Ms. Dary was also quite shy at first, we think because we were only her second set of guests for the class. However, by the end, we had all warmed up to each other and were talking about her family, childhood, even religion, and numerous other things that came up.
Sharing a Meal
After our meal was complete, we sat down with Ms. Dary, her sons, and her husband (who had come home from his job as a tour guide at Angkor) and enjoyed our meal together.
In many parts of SE Asia (and we believe Asia as a whole but can’t assume since we haven’t been to many places), sitting on the floor for a meal is common. Families often have mats that are rolled out for eating specifically. So we ate just like that and enjoyed each dish!
After dinner, Ms. Dary taught us how to make some crafts out of palm leaves. The only thing we knew how to make (sort of) was Sam remembering the palm crosses she made for Palm Sunday before. Ms. Dary shared that as kids, she and her friends would make all sorts of things out of them and showed us how to make palm leaf hearts, flowers, and even glasses!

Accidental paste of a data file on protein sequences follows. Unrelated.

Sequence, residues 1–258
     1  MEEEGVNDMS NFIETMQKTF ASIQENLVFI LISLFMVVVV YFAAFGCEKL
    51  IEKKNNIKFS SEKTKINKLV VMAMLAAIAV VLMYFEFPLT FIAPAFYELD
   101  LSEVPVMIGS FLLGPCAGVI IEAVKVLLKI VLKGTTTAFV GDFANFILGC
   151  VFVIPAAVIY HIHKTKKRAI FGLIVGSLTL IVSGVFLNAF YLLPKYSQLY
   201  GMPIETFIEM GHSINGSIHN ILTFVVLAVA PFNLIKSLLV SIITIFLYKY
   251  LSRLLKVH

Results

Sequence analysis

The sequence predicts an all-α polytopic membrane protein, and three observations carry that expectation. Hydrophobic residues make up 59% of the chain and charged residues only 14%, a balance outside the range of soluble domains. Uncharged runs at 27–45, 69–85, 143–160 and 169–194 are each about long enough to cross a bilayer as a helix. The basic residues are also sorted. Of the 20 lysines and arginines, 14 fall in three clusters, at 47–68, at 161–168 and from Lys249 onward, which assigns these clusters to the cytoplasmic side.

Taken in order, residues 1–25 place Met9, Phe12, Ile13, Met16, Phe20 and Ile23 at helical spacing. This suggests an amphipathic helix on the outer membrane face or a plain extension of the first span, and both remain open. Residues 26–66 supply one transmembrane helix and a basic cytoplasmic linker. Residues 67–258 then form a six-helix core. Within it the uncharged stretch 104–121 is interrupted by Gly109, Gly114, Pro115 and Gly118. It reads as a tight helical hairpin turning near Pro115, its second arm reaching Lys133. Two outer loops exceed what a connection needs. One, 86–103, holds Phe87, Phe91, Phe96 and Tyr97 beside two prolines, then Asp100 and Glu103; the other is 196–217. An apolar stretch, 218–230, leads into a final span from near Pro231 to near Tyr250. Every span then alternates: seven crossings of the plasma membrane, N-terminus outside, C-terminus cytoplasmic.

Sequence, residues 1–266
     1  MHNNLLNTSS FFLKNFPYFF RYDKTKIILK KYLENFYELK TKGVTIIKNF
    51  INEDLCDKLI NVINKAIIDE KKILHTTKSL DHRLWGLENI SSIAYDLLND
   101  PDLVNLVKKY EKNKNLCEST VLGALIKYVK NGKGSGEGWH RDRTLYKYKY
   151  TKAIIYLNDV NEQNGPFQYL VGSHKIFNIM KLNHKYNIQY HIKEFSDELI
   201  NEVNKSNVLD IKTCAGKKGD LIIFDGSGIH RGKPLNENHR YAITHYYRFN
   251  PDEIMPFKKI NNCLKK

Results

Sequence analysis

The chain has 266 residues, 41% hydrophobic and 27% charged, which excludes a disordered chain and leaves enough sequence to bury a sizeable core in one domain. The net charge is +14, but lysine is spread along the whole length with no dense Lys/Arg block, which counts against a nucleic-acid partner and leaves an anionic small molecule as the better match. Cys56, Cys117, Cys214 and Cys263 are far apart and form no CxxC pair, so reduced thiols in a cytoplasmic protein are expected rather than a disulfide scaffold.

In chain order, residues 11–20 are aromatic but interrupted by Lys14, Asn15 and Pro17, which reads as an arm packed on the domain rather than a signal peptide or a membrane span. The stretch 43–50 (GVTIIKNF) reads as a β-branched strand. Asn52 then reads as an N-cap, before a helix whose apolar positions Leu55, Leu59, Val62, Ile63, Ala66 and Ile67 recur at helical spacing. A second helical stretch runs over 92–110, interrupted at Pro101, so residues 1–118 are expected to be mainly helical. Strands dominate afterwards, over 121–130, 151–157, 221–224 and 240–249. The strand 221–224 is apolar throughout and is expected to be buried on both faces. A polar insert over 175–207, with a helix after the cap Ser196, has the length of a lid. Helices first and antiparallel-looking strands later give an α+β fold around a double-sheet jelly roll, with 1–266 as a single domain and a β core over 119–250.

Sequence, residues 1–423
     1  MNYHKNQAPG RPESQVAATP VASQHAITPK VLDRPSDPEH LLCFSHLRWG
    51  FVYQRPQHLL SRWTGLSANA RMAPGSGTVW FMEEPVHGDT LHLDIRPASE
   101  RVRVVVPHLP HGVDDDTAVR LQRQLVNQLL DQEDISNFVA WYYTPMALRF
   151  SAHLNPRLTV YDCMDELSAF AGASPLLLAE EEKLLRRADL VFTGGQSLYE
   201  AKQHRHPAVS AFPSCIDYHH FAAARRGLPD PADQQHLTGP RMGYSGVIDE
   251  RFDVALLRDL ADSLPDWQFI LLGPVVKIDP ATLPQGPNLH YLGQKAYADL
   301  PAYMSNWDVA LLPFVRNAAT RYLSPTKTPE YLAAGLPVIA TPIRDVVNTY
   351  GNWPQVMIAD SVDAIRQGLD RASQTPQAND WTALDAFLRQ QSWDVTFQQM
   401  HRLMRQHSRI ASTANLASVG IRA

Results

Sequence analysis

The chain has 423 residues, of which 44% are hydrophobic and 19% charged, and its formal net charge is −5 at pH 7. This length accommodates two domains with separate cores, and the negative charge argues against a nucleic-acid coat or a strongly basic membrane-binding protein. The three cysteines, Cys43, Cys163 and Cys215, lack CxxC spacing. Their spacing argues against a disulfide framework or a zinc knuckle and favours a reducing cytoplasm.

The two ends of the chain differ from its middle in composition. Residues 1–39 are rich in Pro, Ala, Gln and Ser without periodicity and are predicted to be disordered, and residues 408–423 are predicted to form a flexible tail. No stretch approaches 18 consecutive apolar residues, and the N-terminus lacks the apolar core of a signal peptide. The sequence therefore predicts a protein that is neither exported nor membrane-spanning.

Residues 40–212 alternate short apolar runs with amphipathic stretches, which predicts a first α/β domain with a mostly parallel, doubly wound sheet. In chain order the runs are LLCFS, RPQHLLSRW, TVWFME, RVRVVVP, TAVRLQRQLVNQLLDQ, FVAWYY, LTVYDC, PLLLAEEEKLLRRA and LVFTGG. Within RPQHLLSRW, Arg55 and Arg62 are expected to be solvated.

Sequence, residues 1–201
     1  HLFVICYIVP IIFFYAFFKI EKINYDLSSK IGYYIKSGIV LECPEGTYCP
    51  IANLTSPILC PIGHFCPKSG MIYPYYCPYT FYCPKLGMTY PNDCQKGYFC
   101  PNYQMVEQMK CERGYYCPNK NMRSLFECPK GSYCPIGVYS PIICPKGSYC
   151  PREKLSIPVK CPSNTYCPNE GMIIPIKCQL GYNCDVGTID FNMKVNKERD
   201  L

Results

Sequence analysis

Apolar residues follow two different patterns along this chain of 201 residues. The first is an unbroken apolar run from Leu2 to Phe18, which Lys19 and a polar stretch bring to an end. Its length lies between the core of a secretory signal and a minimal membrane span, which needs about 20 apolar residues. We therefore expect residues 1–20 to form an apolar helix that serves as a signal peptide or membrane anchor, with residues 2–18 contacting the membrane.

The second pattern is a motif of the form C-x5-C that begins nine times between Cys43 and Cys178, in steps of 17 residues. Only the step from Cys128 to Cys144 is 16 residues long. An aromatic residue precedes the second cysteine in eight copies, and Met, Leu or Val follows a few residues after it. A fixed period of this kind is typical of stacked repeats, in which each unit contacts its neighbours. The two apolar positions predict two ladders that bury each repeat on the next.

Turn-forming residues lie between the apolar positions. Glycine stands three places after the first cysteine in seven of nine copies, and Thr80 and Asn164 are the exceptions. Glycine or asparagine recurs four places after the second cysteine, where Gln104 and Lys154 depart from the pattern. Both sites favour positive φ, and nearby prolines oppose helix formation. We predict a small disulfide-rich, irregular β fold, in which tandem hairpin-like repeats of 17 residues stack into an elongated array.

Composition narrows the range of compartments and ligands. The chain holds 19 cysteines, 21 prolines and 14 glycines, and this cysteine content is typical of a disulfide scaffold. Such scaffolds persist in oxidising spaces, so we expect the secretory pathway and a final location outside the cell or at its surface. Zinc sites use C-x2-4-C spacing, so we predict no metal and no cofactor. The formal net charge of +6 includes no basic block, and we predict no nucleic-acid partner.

We had such a great time with Ms. Dary and can’t wait to remake the dishes we made in Cambodia!
Angkor Wat is the largest religious monument in the world and the most recognized temple in the Angkor Archeological Park. In the 400 sq. kilometers of land that the complex encompasses, there are hundreds of temples and religious sites.
Angkor was originally built around the 12th century. It began as a Hindu temple but was turned into a Buddhist site not long after construction. In many of the temples, you will find carvings depicting religious symbols for Buddhism and Hinduism, mythical figures, and historical events.
When visiting most people do one of two circuits, the “small loop” or “big loop”. Don’t let the name of “small” loop fool you though as you can still spend 6+ hours wandering the temples on this circuit alone.
First Visit to Angkor
To buy our tickets, we got a Grab tuktuk (like Uber) to the ticket center and bought our passes. At the time of our visit, we were very lucky because the normal 1 Day pass came with an extra day to be used within one week of the first visit. With prices at $37 a piece, we were VERY happy to get the extra day for free!
Another tip: if you buy your ticket around 4:30-5 pm the day before you plan to visit, you can enter the temple area until closing. Many of the temples close at 5 but some close at 6 pm. This allowed us to watch the sunset from one of the ancient temples!
Sunrise at Angkor Wat